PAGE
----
Granja Mantiqueira (Mantiqueira Farm), located primarily in the Mantiqueira Mountains in southeastern Brazil, started as a small family farm in 1987. Over the next three decades, it has become the largest egg producer in South America – and the 12th largest egg producer in the world.
Leandro Pinto, founder and co-owner of Mantiqueira Farms, believes it was his destiny to become a poultry farmer. As a child, Leandro’s family raised chickens in the backyard, and his father sold eggs and made fertilizer from the chicken waste to sell to nearby families and businesses.
But Leandro had an entrepreneurial spirit and looked for other ways to make a living. As a young teen, he worked as a shoe shine boy and messenger, and at the local car wash. At 17, he started a small agricultural machine shop, but closed the business two years later because of his lack of experience and the economic unrest of the mid 80s in Brazil. That’s when he saw an opportunity to operate an egg laying business.
A friend in a nearby town had a heart attack and offered Leandro the option of taking over his egg farm. Leandro didn’t have money to buy a farm, but he sold his car and truck and purchased the friend’s 30,000 chickens and signed a contract to rent his barns. Leandro was in business with a few nearby restaurants and bakeries already established as clients.
Like most budding entrepreneurs, Leandro did everything on the farm, from taking egg orders, feeding and taking care of the laying hens, and loading the eggs onto the delivery trucks. His wife, Rogéria, a physiotherapist, helped in her spare time, but Leandro worked day and night to build his business.
“I didn’t get much rest those first two years,” says Leandro. “In fact, it took three days to fill up one little egg truck.”
In 1989, political instability and an economic crisis in Brazil put many farmers out of business. Food production dropped off, and food shortages resulted. Leandro was one of the few farms to survive and thrive, thanks to his already lean operations. Mantiqueira Farm took over the market share of egg sales and used the increased revenue to expand his operations.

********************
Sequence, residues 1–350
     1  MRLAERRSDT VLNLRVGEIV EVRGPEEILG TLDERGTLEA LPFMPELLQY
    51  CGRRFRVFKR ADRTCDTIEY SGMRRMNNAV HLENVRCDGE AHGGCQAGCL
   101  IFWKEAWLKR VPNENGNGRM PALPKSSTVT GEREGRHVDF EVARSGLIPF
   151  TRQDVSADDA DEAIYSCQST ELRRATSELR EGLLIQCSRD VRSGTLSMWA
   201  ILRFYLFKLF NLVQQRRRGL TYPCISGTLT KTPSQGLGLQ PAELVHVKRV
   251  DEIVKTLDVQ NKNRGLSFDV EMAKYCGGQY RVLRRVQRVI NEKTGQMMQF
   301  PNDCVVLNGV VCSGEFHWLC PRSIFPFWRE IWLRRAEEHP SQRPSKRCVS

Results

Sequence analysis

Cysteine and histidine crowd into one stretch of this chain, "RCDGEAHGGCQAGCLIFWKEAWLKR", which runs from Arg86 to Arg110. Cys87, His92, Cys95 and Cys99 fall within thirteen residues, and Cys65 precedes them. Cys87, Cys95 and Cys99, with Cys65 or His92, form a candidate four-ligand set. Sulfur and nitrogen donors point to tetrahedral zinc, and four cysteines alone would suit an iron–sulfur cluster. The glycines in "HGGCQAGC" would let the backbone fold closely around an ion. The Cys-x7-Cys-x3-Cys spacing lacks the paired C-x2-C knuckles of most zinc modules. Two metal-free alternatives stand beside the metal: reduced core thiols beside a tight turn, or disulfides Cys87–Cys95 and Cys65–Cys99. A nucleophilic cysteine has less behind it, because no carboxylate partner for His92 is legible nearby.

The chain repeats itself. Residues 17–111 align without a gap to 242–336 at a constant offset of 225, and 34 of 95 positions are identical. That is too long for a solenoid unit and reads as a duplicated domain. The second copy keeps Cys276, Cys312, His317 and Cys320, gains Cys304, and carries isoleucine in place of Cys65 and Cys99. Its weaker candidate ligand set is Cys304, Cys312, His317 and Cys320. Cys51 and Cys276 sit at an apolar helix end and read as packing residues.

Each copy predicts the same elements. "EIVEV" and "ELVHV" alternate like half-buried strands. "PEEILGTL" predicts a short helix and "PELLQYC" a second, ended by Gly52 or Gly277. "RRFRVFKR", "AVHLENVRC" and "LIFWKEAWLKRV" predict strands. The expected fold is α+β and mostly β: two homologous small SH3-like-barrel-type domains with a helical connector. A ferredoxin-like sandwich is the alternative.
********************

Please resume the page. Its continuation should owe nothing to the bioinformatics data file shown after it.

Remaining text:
By 1990, Mantiqueira Farms had 100,000 laying hens on the farm still run on a non-automated system. But Leandro was interested in the latest and most modern techniques and facilities for his barns, so in 1996, after visiting equipment manufacturers in Europe, Leandro introduced a new automated production system that would speed up egg production. “From the moment, the chicken lays the egg through to the final packaging, no one on the farm had to touch the egg,” says Leandro.
In the mid 1990´s, when Carlos Cunha, the owner of a supermarket chain in Brazil started buying Mantiquieras’ eggs, Leandro felt he was in a good place with his business. But Cunha sold the supermarkets a few years later, and Leandro had no guarantee that sales would continue to grow for his largest client. Undaunted, Leandro convinced Carlos to invest in his company, and three years later, his farm went from laying 400,000 eggs a day to 2.4 million eggs a day. Leandro and Carlos have been partners ever since.
The next step for the partners was to introduce a cage-free system. “We also look for ways to introduce innovations and follow world trends in the egg industry,” says Leandro. “We saw the importance of switching to a cage-free production system since that is what consumers want.”
While researching cage-free operations, Leandro came across Humane Farm Animal Care and the Certified Humane® program. “We felt Humane Farm Animal Care could guide us in setting up a cage-free system,” he says. “We also see the value of their program in validating our program. By becoming Certified Humane®, we could offer even more guarantees and assurances to the consumers about how our chickens are raised.”
The portion of Mantiqueira Farms that is currently Certified Humane® will produce eggs for the Happy Eggs brand and Taeq, the brand produced for Pão de Açúcar supermarkets in Brazil. “Under this system, the birds are calm and docile with freedom to move around and express their natural behaviors, such as climbing on perches,” says Leandro. “The achievement of the animal welfare certification makes us very happy because it ensures we are on the right path in our cage-free production system.”